301 Redirects, Link Structure, XML Sitemaps, & Preferred Domain

Google representative Matt Cutts advises using 301 redirects to establish a preferred www or non-www domain. URLs such as www.example.com, example.com, www.example.com/index.html, and example.com/home.asp all seem like they point to the same page, but all of them, in fact, could contain unique content. In order to cut down on a search engine cataloging said content more than one time, and therefore diluting search engine results pages (SERPs), you can use 301 redirects, a good internal link structure, xml sitemaps, and set your preferred domain in your Google Webmaster Central account.

Using 301 Redirects

A popular variation on the Canonical Hostnames Example in Apache’s URL Rewriting Guide is to add the following to your root .htaccess file:

RewriteEngine on
# Redirect index.php to /
RewriteCond %{THE_REQUEST} ^[A-Z]{3,9}\ /.*index\.php?\ HTTP/ [NC]
RewriteRule ^(.*)index.php?$ http://www.example.com/$1 [R=301,L]
# Redirect www to non-www (or reverse if you prefer www)
RewriteCond %{HTTP_HOST} ^www.example.com$
RewriteRule ^(.*)$ http://example.com/$1 [R=301,L]

One alternate method to use if you can’t get access to your .htaccess file is to use a php function like the one below. This would work great for a WordPress blog if you were to install it as the first line in your theme header.php file since it will be called for every page.

if ($_SERVER['HTTP_HOST']=='www.example.com' || $_SERVER['REQUEST_URI']=='/index.php') {
header("HTTP/1.1 301 Moved Permanently");
header('Location: ' . 'http://example.com/');
} ?>

Good Internal Link Structure

Make sure the links on your own site are consistent. If some of your links point to example.com and some point to www.example.com, there could be potential duplicate content issues. Pick the version you prefer and always use that format for your internal links.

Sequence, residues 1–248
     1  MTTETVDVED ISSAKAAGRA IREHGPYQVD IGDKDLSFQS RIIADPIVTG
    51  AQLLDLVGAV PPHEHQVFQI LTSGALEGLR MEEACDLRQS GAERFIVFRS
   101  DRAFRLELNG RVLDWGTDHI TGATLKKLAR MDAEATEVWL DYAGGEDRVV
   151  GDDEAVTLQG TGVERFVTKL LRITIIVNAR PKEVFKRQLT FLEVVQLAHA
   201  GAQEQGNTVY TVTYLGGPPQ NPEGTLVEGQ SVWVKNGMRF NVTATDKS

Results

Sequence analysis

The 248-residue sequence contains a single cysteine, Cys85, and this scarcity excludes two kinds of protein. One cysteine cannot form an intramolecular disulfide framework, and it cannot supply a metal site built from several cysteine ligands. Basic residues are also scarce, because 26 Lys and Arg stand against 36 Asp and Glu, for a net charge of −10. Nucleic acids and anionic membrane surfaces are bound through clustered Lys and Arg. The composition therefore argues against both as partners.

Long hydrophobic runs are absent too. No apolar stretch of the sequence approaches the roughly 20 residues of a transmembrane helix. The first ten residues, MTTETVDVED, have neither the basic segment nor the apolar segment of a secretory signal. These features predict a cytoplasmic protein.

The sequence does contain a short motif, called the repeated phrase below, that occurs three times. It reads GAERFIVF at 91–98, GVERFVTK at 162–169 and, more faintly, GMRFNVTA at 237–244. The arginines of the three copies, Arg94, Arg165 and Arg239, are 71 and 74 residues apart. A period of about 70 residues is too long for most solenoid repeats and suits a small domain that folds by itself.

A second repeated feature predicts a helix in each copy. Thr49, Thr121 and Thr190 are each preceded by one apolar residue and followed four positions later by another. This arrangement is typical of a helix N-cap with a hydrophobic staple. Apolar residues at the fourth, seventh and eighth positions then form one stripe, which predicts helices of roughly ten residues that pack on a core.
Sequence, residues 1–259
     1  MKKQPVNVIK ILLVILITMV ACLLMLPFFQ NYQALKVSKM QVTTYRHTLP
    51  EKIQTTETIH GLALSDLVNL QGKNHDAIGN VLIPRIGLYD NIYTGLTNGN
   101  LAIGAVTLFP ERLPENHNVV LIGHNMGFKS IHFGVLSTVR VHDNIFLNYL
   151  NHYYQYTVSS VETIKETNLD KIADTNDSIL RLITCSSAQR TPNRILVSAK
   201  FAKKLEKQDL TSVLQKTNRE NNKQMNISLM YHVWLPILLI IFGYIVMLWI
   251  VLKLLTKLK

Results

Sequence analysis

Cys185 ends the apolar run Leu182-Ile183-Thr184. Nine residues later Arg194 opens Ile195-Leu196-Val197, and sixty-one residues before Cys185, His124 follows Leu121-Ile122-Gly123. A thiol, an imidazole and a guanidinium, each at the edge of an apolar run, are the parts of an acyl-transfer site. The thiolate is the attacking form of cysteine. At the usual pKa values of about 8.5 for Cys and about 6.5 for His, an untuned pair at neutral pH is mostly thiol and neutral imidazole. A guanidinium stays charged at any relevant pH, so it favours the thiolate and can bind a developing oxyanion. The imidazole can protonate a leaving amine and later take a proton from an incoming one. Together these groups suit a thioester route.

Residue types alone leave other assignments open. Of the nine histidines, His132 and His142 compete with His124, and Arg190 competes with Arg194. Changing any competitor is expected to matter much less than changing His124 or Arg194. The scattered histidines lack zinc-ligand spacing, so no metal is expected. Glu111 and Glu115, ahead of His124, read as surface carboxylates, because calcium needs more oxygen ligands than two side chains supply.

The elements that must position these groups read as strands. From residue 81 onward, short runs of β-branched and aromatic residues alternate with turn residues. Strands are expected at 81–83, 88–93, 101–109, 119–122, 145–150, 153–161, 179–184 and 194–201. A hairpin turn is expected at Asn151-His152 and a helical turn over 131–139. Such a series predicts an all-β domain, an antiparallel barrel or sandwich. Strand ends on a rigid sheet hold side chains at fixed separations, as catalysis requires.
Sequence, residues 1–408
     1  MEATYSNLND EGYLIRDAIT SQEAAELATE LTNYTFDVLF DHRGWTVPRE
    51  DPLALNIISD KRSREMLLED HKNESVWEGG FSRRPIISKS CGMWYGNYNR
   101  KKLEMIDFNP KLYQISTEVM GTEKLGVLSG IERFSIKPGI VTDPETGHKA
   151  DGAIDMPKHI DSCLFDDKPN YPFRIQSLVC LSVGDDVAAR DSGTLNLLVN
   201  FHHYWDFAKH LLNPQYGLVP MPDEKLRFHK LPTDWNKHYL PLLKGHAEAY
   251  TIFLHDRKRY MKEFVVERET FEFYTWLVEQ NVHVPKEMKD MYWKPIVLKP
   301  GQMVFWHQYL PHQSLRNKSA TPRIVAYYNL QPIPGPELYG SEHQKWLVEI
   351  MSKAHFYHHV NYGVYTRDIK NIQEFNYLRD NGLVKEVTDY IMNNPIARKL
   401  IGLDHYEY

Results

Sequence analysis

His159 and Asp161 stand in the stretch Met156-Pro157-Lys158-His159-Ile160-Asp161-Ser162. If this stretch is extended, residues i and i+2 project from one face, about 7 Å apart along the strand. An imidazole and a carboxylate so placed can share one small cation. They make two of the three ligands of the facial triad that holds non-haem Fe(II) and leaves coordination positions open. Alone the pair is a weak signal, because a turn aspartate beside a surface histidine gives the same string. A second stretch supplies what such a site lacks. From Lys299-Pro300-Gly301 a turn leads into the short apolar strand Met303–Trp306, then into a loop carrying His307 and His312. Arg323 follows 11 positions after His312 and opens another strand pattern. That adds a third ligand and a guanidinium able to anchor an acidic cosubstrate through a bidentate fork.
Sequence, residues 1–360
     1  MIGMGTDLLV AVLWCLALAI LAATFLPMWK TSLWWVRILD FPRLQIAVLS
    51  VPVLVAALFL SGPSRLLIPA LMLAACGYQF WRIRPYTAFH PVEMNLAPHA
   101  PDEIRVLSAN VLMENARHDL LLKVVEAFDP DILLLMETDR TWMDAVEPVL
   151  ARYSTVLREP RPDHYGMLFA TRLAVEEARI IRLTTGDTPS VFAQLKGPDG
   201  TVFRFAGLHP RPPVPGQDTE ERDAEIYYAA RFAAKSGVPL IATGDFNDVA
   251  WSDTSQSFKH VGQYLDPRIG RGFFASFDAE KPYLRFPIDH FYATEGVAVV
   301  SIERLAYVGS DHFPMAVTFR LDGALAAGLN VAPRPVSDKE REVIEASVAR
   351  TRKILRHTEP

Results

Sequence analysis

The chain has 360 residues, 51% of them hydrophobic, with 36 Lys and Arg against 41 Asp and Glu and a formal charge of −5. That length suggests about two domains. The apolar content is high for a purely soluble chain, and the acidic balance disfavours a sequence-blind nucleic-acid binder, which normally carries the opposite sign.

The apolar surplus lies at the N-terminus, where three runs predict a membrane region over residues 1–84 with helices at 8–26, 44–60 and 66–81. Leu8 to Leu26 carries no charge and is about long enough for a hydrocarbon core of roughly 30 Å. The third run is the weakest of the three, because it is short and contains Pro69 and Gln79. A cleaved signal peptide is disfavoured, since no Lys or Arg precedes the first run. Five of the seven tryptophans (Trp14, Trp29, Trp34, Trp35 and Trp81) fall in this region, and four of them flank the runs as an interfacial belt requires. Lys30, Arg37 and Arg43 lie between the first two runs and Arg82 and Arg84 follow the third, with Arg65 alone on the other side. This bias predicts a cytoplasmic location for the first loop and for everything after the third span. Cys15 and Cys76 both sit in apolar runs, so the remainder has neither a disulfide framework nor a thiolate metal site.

XML Sitemaps

The sitemaps XML format is explained at sitemaps.org. In November 2006, Google, Yahoo, and Microsoft announced autodiscovery support for sitemaps via robots.txt. By April 2007, Google, Ask, Yahoo, and Microsoft had all confirmed support for XML sitemaps. For autodiscovery, add the following line to your robots.txt file:

Sitemap: <sitemap_location>

Of course, you should make sure the links used in your XML sitemaps are well-formed and correctly pointing to your preferred domain. Make sure to keep your sitemap file up to date. You can find more information about how the top search engines’ handle sitemaps including how to ping your sitemaps file or submit it manually using Google Webmaster Central and Yahoo Search Site Explorer.

Ping Addresses

  • http://www.google.com/webmasters/tools/ping?sitemap=
  • http://ping.feeds.yahoo.com/rss/ping?u=[THE URL OF YOUR FEED]
  • http://submissions.ask.com/ping?sitemap=http%3A//www.the URL of your sitemap here.xml

Don’t forget about human readable site maps. Read Shari Thurow’s thoughts on the right way to think about site maps.

Set Your Preferred Domain in Google Webmaster Central

In addition to adding an XML sitemap, you can set your preferred domain in Google Webmaster Central.